“When it’s Cornelia’s turn she calls ‘Massapequa,’ the second-soprano showstopper from Amy & Joey, an Off-Broadway musical about Amy Fisher that’s been running since 1994 to packed houses.”
— Bleeding Edge, 150-51
Maxine joins Rocky and his companions at Lucky 18 in K-Town for karaoke. While the night proves revealing among her interactions with Lester and Felix, it is Cornelia, however, and her song choice, which lead to Pynchon’s leap into historical fiction. Cornelia sings ‘Massapequa,’ a fictional song from a fictional musical about a real town known for a very real crime.
On May 19th, 1992, Amy Fisher shot Mary Jo Buttafuoco in the back of the head on the doorstep of the Buttafuoco home in Massapequa. Mary Jo survived, but the right side of her face is paralyzed and she remains at risk of becoming fully paralyzed should the bullet move (Smith). Fisher, 17 years old at the time, claimed to have been having an affair with Mary Jo’s husband, Joey, then 36. Throughout Fisher’s trial, Joey and Mary Jo remained steadfast that the affair was a convolution of Amy’s obsession. Amy was dubbed the “Long Island Lolita” by the tabloids. She pleaded guilty and served seven years. Joey was later indicted and pleaded guilty to a charge of statutory rape after testimony and motel receipts provided evidence of the affair when Amy was just 16 (Smith).
The media, especially the tabloids, and technology played a major role in the popularity of the scandal. The tabloid television program A Current Affair purchased a secretly made tape in which Fisher was seen negotiating terms for sex in a motel. The tape aired nationally the night before her bail hearing (Smith). This prompted the ADA to ask for an unprecedented $2 million bail. In exchange for funding her bail payment, Amy signed a contract for film rights to her story (Smith). The Buttafuoco’s benefited in a similar fashion with numerous interviews and book deals. The affair prompted no less than three made-for-TV movies. The story fell into the archives for a time, but the new celebrities found new ways to make headlines. In 2008, Amy’s husband released a sex tape to a pornographic site, and instead of fighting to have it taken down, “Fisher agreed to an undisclosed sum of money and a promotional appearance at a New York City nightclub” (qtd. in Davis). The tape launched Amy’s pornographic career. Mary Jo blasted Amy for her involvement in porn, criticizing, “She’s no Jenna Jameson, she’s just a porn star … She tried to kill somebody, and now [she’s] making money off it” (qtd. in Fox News). Amy responded, “Mary Jo is a nonentity. People are angry at me because I’m a millionaire. But guess what? So is Mary Jo! She made more millions off of what I did than what I made” (qtd. in Fox News).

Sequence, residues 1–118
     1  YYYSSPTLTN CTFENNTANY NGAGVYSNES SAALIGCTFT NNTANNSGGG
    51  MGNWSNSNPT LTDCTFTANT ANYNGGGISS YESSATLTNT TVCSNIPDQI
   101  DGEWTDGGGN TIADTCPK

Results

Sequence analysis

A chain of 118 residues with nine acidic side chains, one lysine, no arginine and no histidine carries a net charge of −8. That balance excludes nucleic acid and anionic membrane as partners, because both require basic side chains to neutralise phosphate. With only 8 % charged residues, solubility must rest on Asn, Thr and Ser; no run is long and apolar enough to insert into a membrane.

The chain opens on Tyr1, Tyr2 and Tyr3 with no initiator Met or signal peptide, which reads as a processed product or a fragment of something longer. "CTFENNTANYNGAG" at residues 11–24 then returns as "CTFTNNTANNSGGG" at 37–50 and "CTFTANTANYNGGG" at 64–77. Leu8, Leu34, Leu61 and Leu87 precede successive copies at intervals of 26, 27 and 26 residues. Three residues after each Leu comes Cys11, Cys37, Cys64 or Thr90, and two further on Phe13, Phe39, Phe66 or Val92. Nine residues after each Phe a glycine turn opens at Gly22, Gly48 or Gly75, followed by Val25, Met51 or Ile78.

It was difficult to find primary sources or coverage of the crime as much of the modern newspaper archives require paid subscription for more recent years. The internet was not readily available for mass markets nor was it a primary outlet for news media in 1992. A fair amount of the hype was also developed in the tabloids, which are busy following and creating new scandals and have not maintained their archives online. Time allowing, I would have liked to have viewed at least one of the films produced for television. Amy Fisher also wrote a book to tell her story, which would have likely been entertaining and mildly informative (in the fashion of most tell-alls).